According to Bernama, the national Malaysia news agency, Prime Minister Datuk Seri Anwar Ibrahim has reiterated Malaysia’s commitment to stand in solidarity with the Palestinian people. Non-governmental organisations from both countries have voluntary workers in the Gaza Strip. Indonesia has built a hospital there as well.
Given the reality on the ground, Israel welcomes migrant workers from non-Muslim Asean countries. Both the Philippines and Thailand have large numbers of workers in kibbutzim and moshavs located in various parts of Israel. There are over 30,000 Filipino workers in Israel, while Thailand has around 26,000. Thai Ministry of Labour statistics show 12,665 Thais are working in the high-risk zones in southern Israel.
In comparison, only 137 Filipinos were working in the Gaza enclave and adjacent areas in southern Israel, according to Rappler.com. This explains why there were high casualties among the Thai workers.
According to the latest figure cited by the Thai PBS World yesterday, 28 Thais have been killed and 16 injured while 17 are held hostage. As of yesterday, the Thai casualties were the highest among the 100-plus foreigners confirmed killed from 47 countries during the attack by Hamas. America had the second-highest number of deaths, with 27 people killed. Within the Asean bloc, outside of Thailand, only three Filipinos and a Cambodian student were killed. The combined death toll of Palestinians and Israelis is well over 3,500, Al Jazeera reported yesterday.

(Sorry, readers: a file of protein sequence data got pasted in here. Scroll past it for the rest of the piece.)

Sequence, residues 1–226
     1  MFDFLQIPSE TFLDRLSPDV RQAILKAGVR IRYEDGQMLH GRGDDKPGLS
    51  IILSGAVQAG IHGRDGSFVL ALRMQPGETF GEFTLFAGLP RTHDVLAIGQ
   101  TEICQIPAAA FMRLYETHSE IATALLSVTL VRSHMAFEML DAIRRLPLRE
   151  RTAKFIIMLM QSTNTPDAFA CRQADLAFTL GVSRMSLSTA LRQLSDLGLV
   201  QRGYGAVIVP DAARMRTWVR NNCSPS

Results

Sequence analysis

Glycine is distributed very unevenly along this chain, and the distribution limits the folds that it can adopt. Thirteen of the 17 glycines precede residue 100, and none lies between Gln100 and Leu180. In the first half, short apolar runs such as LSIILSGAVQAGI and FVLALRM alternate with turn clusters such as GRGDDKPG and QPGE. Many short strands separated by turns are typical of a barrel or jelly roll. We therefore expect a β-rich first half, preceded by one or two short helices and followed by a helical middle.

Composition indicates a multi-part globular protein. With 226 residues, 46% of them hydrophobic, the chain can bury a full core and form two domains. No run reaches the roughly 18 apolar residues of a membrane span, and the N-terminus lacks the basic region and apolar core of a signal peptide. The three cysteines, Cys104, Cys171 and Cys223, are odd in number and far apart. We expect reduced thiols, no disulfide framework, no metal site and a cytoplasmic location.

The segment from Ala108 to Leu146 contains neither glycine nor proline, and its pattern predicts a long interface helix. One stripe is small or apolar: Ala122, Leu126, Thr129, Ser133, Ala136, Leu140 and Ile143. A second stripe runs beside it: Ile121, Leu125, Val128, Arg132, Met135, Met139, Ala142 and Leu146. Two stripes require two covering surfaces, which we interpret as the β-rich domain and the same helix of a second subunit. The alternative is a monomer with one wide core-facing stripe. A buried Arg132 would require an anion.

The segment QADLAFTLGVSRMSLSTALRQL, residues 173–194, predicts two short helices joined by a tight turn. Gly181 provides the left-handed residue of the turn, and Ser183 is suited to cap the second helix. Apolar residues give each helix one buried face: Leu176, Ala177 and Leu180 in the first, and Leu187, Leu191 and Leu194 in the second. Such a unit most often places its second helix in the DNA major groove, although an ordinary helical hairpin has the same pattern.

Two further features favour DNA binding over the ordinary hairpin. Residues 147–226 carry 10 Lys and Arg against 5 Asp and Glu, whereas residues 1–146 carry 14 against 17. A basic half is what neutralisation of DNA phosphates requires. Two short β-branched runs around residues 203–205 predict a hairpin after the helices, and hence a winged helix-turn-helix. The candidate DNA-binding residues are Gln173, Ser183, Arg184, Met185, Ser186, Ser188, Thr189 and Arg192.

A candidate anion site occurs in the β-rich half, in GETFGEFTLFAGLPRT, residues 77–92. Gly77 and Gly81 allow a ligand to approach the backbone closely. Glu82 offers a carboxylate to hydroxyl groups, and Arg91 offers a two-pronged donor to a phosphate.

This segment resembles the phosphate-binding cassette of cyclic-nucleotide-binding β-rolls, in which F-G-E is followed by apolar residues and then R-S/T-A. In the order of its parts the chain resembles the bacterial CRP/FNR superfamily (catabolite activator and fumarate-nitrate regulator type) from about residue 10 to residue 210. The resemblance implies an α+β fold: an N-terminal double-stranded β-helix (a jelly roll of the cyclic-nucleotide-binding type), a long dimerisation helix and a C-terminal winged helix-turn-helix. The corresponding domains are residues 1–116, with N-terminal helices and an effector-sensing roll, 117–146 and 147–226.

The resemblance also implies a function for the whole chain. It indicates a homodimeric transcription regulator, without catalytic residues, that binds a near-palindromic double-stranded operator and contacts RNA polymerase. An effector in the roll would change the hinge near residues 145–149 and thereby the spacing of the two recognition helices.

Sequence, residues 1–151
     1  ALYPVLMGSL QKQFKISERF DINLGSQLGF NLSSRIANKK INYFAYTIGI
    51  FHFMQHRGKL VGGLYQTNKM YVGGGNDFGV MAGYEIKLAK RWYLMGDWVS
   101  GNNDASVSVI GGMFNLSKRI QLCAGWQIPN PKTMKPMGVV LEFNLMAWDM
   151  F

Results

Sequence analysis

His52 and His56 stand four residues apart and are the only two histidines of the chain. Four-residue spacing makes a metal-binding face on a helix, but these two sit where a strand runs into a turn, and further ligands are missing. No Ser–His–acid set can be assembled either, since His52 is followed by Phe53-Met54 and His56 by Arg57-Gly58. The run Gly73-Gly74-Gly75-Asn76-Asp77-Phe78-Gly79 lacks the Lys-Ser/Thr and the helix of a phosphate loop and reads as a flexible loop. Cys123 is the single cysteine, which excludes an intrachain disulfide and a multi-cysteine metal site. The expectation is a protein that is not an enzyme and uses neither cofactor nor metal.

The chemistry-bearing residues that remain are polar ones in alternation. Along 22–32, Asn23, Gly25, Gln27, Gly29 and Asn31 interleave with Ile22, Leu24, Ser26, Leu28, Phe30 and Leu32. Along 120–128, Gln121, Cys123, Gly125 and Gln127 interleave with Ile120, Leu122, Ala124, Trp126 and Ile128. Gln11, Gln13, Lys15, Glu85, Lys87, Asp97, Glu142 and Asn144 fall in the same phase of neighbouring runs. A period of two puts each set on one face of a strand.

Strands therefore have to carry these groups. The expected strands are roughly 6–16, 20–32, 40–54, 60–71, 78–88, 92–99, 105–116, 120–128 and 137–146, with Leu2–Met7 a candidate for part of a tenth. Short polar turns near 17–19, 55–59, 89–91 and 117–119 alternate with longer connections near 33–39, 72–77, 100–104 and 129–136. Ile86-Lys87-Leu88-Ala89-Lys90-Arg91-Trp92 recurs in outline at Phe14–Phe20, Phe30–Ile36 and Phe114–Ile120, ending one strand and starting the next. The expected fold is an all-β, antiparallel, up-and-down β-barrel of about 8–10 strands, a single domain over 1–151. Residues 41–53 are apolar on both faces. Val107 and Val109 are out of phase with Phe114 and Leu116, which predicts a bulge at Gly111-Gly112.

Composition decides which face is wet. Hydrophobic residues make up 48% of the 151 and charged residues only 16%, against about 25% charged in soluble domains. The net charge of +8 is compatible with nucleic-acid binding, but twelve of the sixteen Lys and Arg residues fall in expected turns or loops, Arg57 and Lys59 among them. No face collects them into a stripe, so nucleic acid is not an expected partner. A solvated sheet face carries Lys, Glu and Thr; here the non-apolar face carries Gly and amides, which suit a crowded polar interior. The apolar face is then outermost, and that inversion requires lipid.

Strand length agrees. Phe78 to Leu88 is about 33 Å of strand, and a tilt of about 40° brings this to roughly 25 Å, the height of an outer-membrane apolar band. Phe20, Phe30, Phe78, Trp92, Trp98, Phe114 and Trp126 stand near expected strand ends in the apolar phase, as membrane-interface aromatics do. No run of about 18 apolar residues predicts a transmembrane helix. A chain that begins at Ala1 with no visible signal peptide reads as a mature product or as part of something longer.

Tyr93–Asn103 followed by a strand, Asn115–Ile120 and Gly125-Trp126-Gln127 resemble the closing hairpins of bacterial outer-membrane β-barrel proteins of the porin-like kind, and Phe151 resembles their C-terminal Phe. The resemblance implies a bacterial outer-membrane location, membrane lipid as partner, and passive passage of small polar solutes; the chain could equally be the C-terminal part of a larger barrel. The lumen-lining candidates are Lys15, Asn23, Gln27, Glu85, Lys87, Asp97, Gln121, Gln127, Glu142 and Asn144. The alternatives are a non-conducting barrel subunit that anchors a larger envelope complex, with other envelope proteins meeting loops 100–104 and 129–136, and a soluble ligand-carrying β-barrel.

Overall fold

During his Friday meeting with Prime Minister Srettha Thavisin, Orna Sagiv, Israel’s ambassador to Thailand, said that 99% of Thai workers have been relocated from the so-called “red zones” to safe zones 4 kilometres away. But she did not elaborate. Mr Srettha also asked the ambassador to fact-check a video clip of Thai workers allegedly forced to work during the crisis.
With the ongoing war and sustained tension between Israel and Palestinians, Thai authorities must prepare Thai workers who want to work in Israel to understand the risky ground situation. After Taiwan, Israel ranks second as the most popular location for workers due to the good wages, with most receiving at least 50,000-60,000 baht per month. The Israeli kibbutzim and moshavs, local terms to call farm communities and cooperatives, prefer Thai workers because of their solid work ethic and agricultural expertise.